A recent poll suggests that a majority of Maryland voters believe that treatment is a viable alternative to prison for substance abusers and that the state's alcohol tax should be increased to pay for expanded drug treatment programs.
The Open Society Institute-Baltimore commissioned the poll, which was released today. It comes as OSI prepares to co-host a national conference on successful drug treatment strategies that is slated to open this week in Baltimore.
OSI hopes the poll's findings will persuade state officials to allocate an additional $30 million annually for addiction services statewide. Of the total, Baltimore would get $15 million to serve an additional 3,500 addicts annually.
Treatment advocates estimate that Baltimore has about 60,000 addicts—the highest concentration in the state—and while the $15 million would be a step in the right direction, it would not solve the problem.
They say that if Baltimore's treatment network had the capacity to serve 45,000 addicts a year, the city might finally reach a "tipping point" in its battle against addiction. In 2005, 23,320 addicts received treatment in Baltimore, according to figures compiled by the city.
"We have come a long way, but at some point there is still just not enough resources," said Diana Morris, executive director of OSI, which is organizing the "Cities on the Right Track: Building Public Drug Treatment Systems" conference. "We need to get those people into treatment. That's when we're really going to start to see dramatic public health benefits."
OSI founder and billionaire financier George Soros, Baltimore Mayor Martin O'Malley and the mayors of Denver, Providence, R.I., and Buffalo, N.Y., are expected to attend the conference, as well as health officials from cities across the nation.
Morris and other advocates said they are encouraged by the results of the poll because they show that residents are knowledgeable about the benefits of drug treatment, and they strongly support an expansion of treatment opportunities.
OpinionWorks, an Annapolis firm, conducted the survey of more than 1,000 registered voters across the state. According to its findings, 69 percent of voters view treatment as an effective way to help people overcome their addictions, and 67 percent view drug treatment as being more effective than incarceration. Of those who said they knew someone with an addiction, 26 percent said the person was unable to obtain any form of treatment, and 39 percent said the person was unable to gain access to publicly funded treatment.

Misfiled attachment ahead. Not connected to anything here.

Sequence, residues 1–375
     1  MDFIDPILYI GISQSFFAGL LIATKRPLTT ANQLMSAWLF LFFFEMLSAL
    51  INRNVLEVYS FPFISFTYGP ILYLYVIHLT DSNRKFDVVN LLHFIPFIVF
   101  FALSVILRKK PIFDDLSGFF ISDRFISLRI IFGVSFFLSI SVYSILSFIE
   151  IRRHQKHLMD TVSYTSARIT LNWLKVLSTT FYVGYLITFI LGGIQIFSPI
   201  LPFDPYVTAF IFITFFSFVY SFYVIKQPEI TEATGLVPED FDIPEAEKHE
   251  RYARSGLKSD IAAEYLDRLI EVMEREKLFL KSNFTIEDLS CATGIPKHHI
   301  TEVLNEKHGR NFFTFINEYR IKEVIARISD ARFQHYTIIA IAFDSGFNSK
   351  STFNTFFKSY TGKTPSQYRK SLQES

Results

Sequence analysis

While the number of slots in Baltimore drug treatment programs has increased in recent years, advocates say the city has not reached the goal of "treatment on demand."
"There has been a huge push in the city to expand drug treatment, and it shows," said Baltimore Health Commissioner Dr. Joshua Sharfstein, who will present a history of drug treatment in the city at the conference. "But there is clearly more to do."
Sharfstein said he was pleased to see that more than two-thirds of those polled said they would support several policy options to improve drug treatment services, including expanded coverage by private insurance companies and an increase of the state's alcohol tax.
Past efforts to change the alcohol tax, which stands at $1.50 per gallon for whiskey, 9 cents per gallon for beer and 40 cents per gallon for wine, have failed, but advocates said the timing could be right to bring the question back to lawmakers in Annapolis.
"If there was political will, we could reach the 45,000 mark," said Adam Brickner, president of Baltimore Substance Abuse Systems, an arm of city government that oversees addiction treatment. "It's all a matter of funding."
Morris said that a major reason OSI decided to hold the conference was to spotlight some of Baltimore's drug treatment successes. She said experts believe that expanded drug treatment services in the city have contributed to a 25 percent decrease in new HIV cases and a 41 percent decrease in property crimes.
Brickner, who has been on the job for a little more than a year, said the city's success with treating addicts is one of the main reasons he decided to come to Baltimore. He pointed to two programs—one that works with drug-addicted women to help them reunite with their children, and one that works with the court system to expedite drug treatment for felons—as examples of the city's ingenuity.
"I can't wait to tell them what we are doing in Baltimore because it is so innovative," said Brickner, who will participate in the conference. "It's having an impact."
The drug addiction solutions conference, which is co-sponsored by the Johns Hopkins Bloomberg School of Public Health and the city, will be held Wednesday at the Tremont Grand Hotel and Thursday at the Johns Hopkins School of Medicine. Information: 410-234-1091.
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